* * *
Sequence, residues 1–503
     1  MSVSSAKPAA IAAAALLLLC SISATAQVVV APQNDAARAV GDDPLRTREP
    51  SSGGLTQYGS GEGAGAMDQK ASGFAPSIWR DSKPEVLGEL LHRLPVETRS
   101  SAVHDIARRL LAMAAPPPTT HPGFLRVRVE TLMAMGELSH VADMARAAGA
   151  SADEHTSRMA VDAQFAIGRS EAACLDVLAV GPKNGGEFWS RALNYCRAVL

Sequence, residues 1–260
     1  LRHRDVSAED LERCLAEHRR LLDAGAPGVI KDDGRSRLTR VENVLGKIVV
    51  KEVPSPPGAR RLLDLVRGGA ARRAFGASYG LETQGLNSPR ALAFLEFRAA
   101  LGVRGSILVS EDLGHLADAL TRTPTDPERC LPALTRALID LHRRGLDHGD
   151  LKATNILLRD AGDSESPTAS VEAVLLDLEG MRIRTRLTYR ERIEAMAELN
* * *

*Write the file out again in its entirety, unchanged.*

Sequence, residues 1–503
     1  MSVSSAKPAA IAAAALLLLC SISATAQVVV APQNDAARAV GDDPLRTREP
    51  SSGGLTQYGS GEGAGAMDQK ASGFAPSIWR DSKPEVLGEL LHRLPVETRS
   101  SAVHDIARRL LAMAAPPPTT HPGFLRVRVE TLMAMGELSH VADMARAAGA
   151  SADEHTSRMA VDAQFAIGRS EAACLDVLAV GPKNGGEFWS RALNYCRAVL

Sequence, residues 1–260
     1  LRHRDVSAED LERCLAEHRR LLDAGAPGVI KDDGRSRLTR VENVLGKIVV
    51  KEVPSPPGAR RLLDLVRGGA ARRAFGASYG LETQGLNSPR ALAFLEFRAA
   101  LGVRGSILVS EDLGHLADAL TRTPTDPERC LPALTRALID LHRRGLDHGD
   151  LKATNILLRD AGDSESPTAS VEAVLLDLEG MRIRTRLTYR ERIEAMAELN